An Assured Shorthold Tenancy can be brought to an end by the service of a notice. Different forms of notice are used dependant on the circumstances.

Generally speaking, when an Assured Shorthold Tenancy is created, it is for a fixed term e.g. 6 months or 12 months. If neither party does anything to terminate it before the last day of the fixed term then the tenancy is automatically converted into a Periodic Assured Shorthold Tenancy. This is still an Assured Shorthold Tenancy but it is now one that continues by operation of the law on a periodic basis i.e. on a week to week basis or month to month basis dependent upon the period in the fixed term tenancy by reference to which rent was paid.

1. Assured Shorthold Tenancy – Fixed Term
Where the fixed term has not yet expired notice has to be given under Section 21(1) Housing Act 1988. The tenant has to be given at least two months, notice such notice not to expire before the last day of the fixed term of the tenancy. The notice has to be served before the end of the initial fixed term of the tenancy

2. Assured Shorthold Tenancy – Periodic
Where the fixed term has expired and the tenancy has become a periodic one, then notice has to be given under Section 21(4) Housing Act 1988. In this case the period of the notice again has to be not less than two months but the date that is specified as being the date upon which you require possession must be the last day of a period of the tenancy

Terminating an Assured Shorthold Tenancy (whether fixed term or periodic) is straightforward but take care to use the correct form of notice. Choosing the wrong form is likely to be fatal to your claim for possession. The form of notice should be either delivered to the tenants personally or sent by registered post so you have evidence that the notice was served.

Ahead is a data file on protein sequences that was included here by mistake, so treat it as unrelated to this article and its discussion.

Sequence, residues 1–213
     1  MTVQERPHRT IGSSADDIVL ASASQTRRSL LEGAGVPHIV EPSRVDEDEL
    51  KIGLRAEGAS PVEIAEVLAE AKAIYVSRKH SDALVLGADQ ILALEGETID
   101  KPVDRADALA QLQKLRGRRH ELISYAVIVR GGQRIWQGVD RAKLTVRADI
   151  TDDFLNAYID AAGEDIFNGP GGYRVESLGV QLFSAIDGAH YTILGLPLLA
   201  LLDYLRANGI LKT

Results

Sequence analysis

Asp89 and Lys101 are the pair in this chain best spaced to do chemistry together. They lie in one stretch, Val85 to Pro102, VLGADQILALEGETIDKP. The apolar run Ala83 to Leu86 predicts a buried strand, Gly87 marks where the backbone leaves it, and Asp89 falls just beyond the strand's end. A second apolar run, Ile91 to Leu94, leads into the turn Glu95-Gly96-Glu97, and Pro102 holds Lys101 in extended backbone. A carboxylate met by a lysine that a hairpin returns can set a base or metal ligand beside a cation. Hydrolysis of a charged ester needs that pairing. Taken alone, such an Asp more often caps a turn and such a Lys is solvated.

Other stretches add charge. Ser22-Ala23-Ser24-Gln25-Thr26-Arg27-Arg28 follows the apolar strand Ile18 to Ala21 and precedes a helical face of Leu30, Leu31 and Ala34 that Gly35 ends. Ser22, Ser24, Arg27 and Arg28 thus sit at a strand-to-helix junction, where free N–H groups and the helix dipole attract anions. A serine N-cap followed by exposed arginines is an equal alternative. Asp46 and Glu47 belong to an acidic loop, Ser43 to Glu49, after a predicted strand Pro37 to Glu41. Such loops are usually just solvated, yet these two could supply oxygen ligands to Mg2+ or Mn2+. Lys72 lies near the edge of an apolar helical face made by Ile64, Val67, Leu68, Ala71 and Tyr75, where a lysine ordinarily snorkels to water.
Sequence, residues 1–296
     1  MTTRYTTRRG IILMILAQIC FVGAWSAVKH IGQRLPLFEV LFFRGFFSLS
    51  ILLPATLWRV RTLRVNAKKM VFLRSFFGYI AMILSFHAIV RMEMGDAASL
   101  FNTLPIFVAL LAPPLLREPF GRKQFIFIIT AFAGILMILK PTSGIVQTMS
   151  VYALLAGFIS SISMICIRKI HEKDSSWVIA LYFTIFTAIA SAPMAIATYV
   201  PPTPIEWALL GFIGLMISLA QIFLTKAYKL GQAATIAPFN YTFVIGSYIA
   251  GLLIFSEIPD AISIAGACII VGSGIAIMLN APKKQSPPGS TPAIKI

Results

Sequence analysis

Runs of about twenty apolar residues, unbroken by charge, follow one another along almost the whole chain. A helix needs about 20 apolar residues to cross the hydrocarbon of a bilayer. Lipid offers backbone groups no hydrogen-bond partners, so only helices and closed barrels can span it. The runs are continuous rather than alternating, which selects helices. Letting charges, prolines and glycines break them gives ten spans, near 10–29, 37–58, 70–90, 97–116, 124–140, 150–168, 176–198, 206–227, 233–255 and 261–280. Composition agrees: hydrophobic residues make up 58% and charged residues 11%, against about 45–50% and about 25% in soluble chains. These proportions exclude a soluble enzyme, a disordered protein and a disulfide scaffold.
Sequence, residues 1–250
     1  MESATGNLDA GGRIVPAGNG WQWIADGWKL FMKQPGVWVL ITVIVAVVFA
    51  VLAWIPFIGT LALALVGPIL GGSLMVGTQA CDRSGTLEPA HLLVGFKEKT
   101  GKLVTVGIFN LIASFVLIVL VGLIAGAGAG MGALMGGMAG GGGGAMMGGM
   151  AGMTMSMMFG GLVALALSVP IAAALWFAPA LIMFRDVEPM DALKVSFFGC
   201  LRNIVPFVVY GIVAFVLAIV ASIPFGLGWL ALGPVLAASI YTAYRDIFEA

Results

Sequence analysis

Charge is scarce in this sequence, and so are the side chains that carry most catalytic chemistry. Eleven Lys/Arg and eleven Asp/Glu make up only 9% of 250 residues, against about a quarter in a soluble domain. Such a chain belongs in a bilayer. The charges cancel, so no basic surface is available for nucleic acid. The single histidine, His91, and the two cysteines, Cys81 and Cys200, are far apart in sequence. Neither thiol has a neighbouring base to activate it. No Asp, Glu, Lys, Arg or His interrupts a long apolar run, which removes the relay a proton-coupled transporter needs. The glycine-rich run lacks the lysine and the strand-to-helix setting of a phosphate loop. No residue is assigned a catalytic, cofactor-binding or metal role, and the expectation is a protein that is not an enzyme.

Although termination of an Assured Shorthold Tenancy is most commonly dealt with by way of the Notice to Quit as mentioned above there are certain other grounds upon which possession can be sought. If there is a mortgage on the property then the lender, in giving its consent to the property being let, may request that before the tenancy is entered into notices under Ground 1 and /or Ground 2 of Schedule 2 of the  Housing Act 1988 are served first. These are notices that tell the tenant that possession of the property might be recovered on the grounds either that the landlord wants it to occupy for his own use or that possession is required by the lender who is repossessing the property. If these notices are served they have to be served before the tenancy is entered into.

The Landlord cannot hold the deposit himself - this is in breach of the legislation. With effect from 6th April 2007 any deposit held under an Assured Shorthold Tenancy must be held under an approved deposit scheme or backed by an approved insurance scheme. For more information see Useful links.

Useful Links


Don’t forget that no matter how good the references you get for your tenant are, there is no guarantee that they will actually pay on time. To protect yourself against the tenants failure we suggest you consider taking insurance.
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The documents available on this site have been prepared for use in England & Wales. They may not be valid if used in other areas.